When yield curve control was designed
Its goal was a rate be defined
Which can’t be exceeded
With bonds bought as needed
To help governments in a bind
Lagarde, though, when looking ahead
Must work at controlling the spread
So BTP rates
Don’t reach desperate straits
Vs. bunds, an outcome she would dread
Ahead of the inauguration of President Biden, the market has turned its focus to Europe and the ongoing situation in Italy. Prime Minister Giuseppe Conte has been struggling to lead a fractious coalition from the left and was just subject to no-confidence votes in both houses of the Italian government. (They have a House and Senate similar to the US.) This occurred when one of his former allies, Matteo Renzi, split from the coalition triggering the vote. Renzi leads the Viva Italia party, a center-left group focused on progressive reforms to the Italian government, and it appears Conte has become a little too status quo for his taste. While Conte was able to cobble together a majority in the lower house, today’s vote in the Senate was less successful, with a majority of votes cast, but no majority in the Senate overall. This means he has a minority government whose stability has now been called into question. Estimates are that he has two weeks to develop a majority or the President may call for parliament to be dissolved and new elections held.
As this story has unfolded, investors have been focused on the bond market, specifically the spread between Italian BTP’s and German bunds. This spread is seen as a key metric, by both the market and the ECB, as to the health of the European economy overall. The narrower that spread, the healthier the situation. This is based on the idea that investors are not demanding as great a yield premium to fund Italy’s debt as they are Germany’s.
A quick history shows that for the first eight years of the euro’s existence, that spread hovered between 25 and 45 basis points, with investors not particularly concerned by Italy’s profligate ways. The GFC awakened many to the potential risks in Italy and the spread ballooned as high as 160 basis points at that time. But that was nothing compared to the Eurozone bond crisis in 2012, when Greece was on the ropes and the term PIGS was invented. At that time, Italian yields peaked at 5.525% higher than German yields. The second time this level was reached, in July 2012, led to Mario Draghi’s famous words, “whatever it takes” regarding the ECB’s will to save the euro. Since that time, the spread has only ever edged below 1.0% briefly, lately reaching a peak of 2.8% at the beginning of the Covid crisis and currently trading around 1.14%.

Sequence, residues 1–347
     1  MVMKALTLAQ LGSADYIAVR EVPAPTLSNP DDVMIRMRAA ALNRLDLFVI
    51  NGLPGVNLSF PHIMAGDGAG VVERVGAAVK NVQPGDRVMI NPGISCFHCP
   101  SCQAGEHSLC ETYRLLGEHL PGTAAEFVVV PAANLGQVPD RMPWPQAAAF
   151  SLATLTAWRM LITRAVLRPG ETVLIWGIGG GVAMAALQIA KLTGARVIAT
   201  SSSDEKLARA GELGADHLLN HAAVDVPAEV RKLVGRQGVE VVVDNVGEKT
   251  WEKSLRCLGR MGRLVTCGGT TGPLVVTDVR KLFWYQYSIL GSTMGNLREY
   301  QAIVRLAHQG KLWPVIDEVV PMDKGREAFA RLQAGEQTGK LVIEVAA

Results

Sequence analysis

The point here is that the ECB watches this spread very carefully. But now, it appears they are interested in more than merely watching the spread. Rather, they want to control it. Yield curve control (YCC) is currently ongoing in both Japan and Australia and has generated a good deal of discussion in the US. But those three central banks have a single government rate to manage. The ECB has no such luck, and so they need to find other ways to control things. Hence, their newest idea is Yield spread control (YSC), where the ECB will buy whatever amount of bonds are necessary to prevent a particular spread from rising above a particular level. Obviously, this means they will be looking at the bonds of the PIGS, as those are the nations with the biggest outstanding issues. The problem Lagarde has is the ECB, by law, is not allowed to finance government spending, and QE in Europe was designed to be implemented along the lines of the ECB buying bonds in proportion to national economic size. But this will require something completely different, as in order to prevent that spread from widening beyond whatever level they choose, the ECB will need to purchase an unlimited number of Italian BTP’s. As such, this idea is not without controversy, but do not be surprised to hear about it tomorrow when the ECB meeting ends. While it may not be implemented right away, it does appear they are actively considering the idea.